THE BLOG
04/21/2014 12:05 pm ET Updated Jun 21, 2014

Films Champion Inspiring Youth Solutions to Climate Change

"If the adults don't do enough, we have to do it because we will live on earth for another 80 or 90 years and our children will live even longer." These are the words of 11-year-old Felix Finkbeiner, who initiated a campaign to plant more than one billion trees around the world to fight global warming. Felix is one of the many young people featured in the Young Voices for the Planet film series, which shows how youth are combating climate change by developing their own successful CO2 reduction projects.

The positive environmental stories in the Young Voices for the Planet films present a stark contrast to the recent grim reports on the worldwide effects of global warming issued by the United Nations Intergovernmental Panel on Climate Change (IPCC). The IPCC states that climate change will adversely affect the environment, increase poverty levels, slow down economic growth, exacerbate health problems, reduce access to food and lead to more violent conflicts. The latest report notes that as greenhouse gas emission levels continue to rise at ever-increasing rates, international cooperation is required in order to mitigate global warming.

The young environmental activists in the Young Voices for the Planet films are not waiting for political leaders to move collectively to reduce global warming. They are busy working on their own solutions to fight climate change. Among the young people featured in the nine films are:

  • Four Miami middle school students who conduct an energy audit and save their school $53,000 in energy bills, while reducing carbon emissions
  • Eleven-year-old Olivia Bouler, who raises $200,000 for bird rescue efforts after the BP oil spill in the Gulf of Mexico and lobbies her congressmen to support renewable energy
  • Massachusetts high school students who, despite numerous obstacles, shrink the carbon footprint of their cafeteria fare by changing from processed to locally-grown food

The short documentary films are produced by Lynne Cherry, director of the Washington, D.C.-based non-profit organization Young Voices on Climate Change. Over the past 30 years, during her visits to schools as a children's book author and illustrator, Cherry realized that messages of gloom and doom elicited reactions of fear, hopelessness and denial. However, true stories about children taking action to protect the environment motivated kids to try to make a difference. Cherry decided to use the power of positive storytelling as an antidote to fear and a catalyst for change.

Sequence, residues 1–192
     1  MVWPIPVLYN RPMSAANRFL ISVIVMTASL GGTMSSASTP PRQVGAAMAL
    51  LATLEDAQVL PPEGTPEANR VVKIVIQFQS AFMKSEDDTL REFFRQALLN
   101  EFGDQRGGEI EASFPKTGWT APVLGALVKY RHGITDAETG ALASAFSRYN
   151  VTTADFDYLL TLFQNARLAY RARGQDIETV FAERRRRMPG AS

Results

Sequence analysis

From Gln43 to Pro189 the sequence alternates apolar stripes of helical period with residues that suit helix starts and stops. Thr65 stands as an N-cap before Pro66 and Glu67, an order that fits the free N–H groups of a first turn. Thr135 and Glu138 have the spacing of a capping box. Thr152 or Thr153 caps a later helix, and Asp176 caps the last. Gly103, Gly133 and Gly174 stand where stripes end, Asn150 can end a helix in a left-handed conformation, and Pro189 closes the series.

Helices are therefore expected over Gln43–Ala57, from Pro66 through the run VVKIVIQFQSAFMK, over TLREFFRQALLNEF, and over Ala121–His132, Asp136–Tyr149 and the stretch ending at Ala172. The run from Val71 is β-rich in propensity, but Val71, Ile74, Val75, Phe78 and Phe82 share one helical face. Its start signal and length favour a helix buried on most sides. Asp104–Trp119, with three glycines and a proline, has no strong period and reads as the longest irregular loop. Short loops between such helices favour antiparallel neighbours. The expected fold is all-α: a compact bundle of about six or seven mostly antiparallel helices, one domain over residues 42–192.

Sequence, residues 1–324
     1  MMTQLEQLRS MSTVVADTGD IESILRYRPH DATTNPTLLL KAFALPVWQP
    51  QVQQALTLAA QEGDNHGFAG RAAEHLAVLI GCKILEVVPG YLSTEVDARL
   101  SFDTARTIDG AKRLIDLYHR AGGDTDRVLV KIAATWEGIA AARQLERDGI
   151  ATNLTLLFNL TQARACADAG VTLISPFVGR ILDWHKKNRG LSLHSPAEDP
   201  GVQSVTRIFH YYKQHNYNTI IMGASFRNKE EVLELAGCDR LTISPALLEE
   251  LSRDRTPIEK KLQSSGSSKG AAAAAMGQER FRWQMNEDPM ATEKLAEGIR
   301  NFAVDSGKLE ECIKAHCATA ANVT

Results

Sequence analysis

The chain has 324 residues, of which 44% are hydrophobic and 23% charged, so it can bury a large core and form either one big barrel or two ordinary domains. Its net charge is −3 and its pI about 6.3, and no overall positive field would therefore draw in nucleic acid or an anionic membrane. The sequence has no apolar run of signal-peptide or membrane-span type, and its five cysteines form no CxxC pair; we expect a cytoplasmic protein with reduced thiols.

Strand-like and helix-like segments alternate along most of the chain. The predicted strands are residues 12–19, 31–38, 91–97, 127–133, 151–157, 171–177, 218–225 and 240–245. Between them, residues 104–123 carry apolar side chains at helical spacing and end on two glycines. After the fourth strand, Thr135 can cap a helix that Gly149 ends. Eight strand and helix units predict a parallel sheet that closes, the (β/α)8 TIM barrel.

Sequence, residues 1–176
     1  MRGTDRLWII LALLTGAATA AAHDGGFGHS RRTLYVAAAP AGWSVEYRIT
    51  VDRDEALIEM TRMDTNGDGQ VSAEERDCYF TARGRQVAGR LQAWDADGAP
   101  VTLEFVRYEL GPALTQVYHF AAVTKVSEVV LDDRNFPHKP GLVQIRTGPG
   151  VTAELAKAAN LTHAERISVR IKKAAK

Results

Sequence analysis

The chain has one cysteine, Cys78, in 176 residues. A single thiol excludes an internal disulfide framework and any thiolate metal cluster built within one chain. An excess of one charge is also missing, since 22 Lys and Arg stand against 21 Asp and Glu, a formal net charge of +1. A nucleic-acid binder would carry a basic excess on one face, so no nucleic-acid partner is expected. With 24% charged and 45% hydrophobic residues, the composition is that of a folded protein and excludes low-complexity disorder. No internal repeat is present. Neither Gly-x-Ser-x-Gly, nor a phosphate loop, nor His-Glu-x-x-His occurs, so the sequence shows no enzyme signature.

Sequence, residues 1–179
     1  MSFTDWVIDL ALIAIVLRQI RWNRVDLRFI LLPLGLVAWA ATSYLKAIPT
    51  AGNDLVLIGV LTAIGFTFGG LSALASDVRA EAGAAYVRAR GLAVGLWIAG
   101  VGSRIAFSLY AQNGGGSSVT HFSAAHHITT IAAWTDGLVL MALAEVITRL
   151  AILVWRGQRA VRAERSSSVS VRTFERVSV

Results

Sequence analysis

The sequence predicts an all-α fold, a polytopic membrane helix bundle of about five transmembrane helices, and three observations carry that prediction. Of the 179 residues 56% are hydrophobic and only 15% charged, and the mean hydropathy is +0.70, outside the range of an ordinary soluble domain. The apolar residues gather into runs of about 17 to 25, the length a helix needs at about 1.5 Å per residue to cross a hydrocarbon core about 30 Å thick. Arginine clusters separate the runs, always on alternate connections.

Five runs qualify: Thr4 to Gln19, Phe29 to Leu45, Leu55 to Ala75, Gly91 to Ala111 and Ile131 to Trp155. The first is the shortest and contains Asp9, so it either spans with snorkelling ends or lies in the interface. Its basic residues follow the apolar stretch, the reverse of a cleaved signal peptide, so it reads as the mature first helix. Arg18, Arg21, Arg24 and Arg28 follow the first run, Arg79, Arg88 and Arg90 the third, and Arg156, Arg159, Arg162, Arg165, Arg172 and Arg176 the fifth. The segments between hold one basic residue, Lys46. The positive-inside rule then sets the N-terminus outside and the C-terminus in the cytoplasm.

Worldwide screenings of the Young Voices for the Planet films have sparked action. After watching the films, for example, nine-year-old Alice Van Evera started a club called "Save Tomorrow," which overturned a ban prohibiting solar panels on town buildings in Lexington, Massachusetts.

Other young people have encouraged their parents to reduce their CO2 emissions, thereby reducing their electric bills at home and work. One girl's father traded out air conditioners in office buildings he owned for Energy Star units and saved thousands of dollars.

Cherry says, "The logic in taking a positive approach is gaining currency among educators, scientists, organizations, government agencies and institutions that had focused on tactics that alarmed, discouraged and fundamentally turned people off."

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Young Voices on Climate Change has forged partnerships with numerous groups that share the films' messages through their Web sites and social media sites. The documentaries have been screened throughout the world at film festivals, educational and scientific conferences, schools, climate change workshops and many other venues. Cherry recently co-authored a companion teacher guide, Empowering Young Voices for the Planet, which helps educators teach students the science of climate change by featuring the films' youth success stories and offering practical tips on how students can develop carbon-reduction emissions projects relevant to their own communities.

Cherry's current Young Voices for the Planet film is near completion. We Sing Out! features the Rivertown Kids chorus (based in Beacon, New York), singing with folk icon Pete Seeger about their vision of a sustainable world.

As political leaders and policymakers around the world grapple with the severe impacts of global warming, Lynne Cherry hopes that by championing youth solutions to climate change, young people and adults will be inspired to fight global warming in their own towns and cities, thus helping change the course of this looming crisis.